In my classes this month, we’ve talked about “Your Unique Child: the Influence of Temperament, Gender, and Learning Styles on How you Parent Each Child.”
The key takeaway points from our discussion on “Your Unique Child” are listed below, and I’ve included links to other posts on these topics.
- Children are born with distinct personalities. We can use concepts like Temperament, Learning Style / Multiple Intelligences and Gender and Introvert / Extrovert to help us better understand them.
- However, we don’t want to “label” our children (as “the shy one” or “the wild one” or “the musician”) because that limits our view of them and limits their ability to grow and develop into all that they are.
- There are not good or bad temperaments. But, there are goodness of fit, and badness of fit. A high activity child has “goodness of fit” on the playground, but not in the library. A very regular, routine-oriented child might “fit” well with a similar parent, but not so well with the free-spirited parent.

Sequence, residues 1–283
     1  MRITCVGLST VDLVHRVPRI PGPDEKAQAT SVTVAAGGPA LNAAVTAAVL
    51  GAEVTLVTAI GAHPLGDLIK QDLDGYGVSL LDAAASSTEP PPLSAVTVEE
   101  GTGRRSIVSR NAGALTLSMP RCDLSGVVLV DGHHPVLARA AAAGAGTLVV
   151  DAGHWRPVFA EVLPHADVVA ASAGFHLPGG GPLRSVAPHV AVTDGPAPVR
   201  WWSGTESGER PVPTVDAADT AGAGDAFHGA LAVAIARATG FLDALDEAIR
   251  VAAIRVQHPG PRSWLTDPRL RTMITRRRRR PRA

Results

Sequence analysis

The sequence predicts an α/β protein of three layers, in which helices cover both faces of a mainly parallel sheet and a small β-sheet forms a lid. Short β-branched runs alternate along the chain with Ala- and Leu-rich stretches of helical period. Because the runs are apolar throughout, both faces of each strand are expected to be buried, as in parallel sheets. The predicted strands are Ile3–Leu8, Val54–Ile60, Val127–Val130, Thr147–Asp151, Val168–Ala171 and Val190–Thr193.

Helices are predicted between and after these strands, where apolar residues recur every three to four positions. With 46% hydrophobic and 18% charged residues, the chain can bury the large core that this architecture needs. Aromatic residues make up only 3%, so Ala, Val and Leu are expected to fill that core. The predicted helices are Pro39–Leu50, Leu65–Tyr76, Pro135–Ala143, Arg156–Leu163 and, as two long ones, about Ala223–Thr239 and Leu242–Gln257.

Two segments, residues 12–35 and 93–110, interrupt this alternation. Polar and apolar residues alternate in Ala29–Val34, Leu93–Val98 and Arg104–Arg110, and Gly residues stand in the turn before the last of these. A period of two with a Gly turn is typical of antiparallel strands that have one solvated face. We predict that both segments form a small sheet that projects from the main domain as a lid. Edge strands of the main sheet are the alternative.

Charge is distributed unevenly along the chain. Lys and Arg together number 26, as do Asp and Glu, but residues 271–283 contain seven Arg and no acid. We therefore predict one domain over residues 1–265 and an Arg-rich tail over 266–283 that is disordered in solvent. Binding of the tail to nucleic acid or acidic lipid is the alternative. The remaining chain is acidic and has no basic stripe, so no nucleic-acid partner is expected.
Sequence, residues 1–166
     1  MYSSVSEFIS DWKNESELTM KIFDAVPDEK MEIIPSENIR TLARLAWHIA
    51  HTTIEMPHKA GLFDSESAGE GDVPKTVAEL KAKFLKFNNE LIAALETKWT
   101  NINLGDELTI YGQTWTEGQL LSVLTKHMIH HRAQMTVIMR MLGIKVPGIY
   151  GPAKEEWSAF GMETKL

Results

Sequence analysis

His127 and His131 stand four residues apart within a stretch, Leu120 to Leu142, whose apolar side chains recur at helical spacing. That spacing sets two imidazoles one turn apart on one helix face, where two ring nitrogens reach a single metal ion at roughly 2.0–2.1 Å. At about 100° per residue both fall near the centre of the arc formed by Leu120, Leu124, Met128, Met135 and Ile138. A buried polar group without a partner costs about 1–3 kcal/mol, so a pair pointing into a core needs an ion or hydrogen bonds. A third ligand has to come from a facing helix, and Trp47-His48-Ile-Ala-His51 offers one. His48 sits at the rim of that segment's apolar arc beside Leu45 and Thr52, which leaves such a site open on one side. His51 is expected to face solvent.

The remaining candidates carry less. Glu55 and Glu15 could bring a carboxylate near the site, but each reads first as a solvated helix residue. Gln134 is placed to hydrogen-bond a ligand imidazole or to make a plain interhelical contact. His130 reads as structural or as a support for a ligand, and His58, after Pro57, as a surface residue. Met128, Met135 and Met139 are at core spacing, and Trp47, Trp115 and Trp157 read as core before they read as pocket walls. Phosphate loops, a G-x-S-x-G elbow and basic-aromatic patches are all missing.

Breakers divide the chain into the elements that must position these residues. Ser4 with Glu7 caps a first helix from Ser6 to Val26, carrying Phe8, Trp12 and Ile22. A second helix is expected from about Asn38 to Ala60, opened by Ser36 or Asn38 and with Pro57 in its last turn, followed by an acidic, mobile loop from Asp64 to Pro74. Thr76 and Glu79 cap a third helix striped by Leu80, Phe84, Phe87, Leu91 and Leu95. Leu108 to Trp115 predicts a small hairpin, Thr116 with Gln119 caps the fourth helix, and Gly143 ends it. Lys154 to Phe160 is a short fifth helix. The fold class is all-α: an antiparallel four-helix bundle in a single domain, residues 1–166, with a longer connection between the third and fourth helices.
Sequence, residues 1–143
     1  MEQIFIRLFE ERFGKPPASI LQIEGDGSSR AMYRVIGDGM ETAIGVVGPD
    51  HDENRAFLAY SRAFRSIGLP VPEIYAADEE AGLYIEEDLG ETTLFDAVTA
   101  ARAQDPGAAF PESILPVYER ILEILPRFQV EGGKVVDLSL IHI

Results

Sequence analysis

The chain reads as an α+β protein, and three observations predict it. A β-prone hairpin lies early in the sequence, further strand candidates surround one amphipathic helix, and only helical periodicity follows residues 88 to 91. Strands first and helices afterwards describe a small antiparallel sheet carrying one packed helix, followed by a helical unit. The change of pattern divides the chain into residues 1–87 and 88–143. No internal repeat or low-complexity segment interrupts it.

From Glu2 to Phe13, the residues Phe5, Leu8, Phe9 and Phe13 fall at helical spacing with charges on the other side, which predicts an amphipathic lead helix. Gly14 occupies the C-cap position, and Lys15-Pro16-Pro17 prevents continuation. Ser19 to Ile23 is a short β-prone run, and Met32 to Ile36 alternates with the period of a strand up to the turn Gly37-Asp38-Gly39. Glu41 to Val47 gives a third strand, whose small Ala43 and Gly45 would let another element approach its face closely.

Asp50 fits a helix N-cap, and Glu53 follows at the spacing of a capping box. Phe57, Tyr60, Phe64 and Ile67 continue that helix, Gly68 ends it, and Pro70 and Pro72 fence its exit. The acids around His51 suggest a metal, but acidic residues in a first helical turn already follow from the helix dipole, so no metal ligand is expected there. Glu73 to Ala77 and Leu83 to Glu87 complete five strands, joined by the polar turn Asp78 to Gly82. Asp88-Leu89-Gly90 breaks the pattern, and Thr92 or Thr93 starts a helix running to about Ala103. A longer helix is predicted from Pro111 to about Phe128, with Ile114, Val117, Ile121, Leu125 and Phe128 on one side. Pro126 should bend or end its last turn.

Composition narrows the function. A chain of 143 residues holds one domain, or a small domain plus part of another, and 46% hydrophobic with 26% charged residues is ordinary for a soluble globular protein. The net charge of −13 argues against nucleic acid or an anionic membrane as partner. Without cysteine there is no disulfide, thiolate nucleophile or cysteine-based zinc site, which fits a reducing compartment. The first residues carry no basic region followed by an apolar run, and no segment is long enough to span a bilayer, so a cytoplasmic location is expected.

- It’s good to know your children’s strengths, so you can give them plenty of experiences that let them use those strengths to build their confidence.
- It’s also good to know what your child struggles with. On a good day, we may gently push their comfort zones to encourage growth in those areas. But, on a day when we’re tired and they’re tired, or we’re away from home, it may be easiest to adapt to their temperament accommodating how we need to in order to make it through the day. (So, our sensitive child may need a quiet day at home. Our active child may need a day running at the park. Our routines kid needs to bring routines from home wherever he goes.)
Lots more resources on temperament listed here.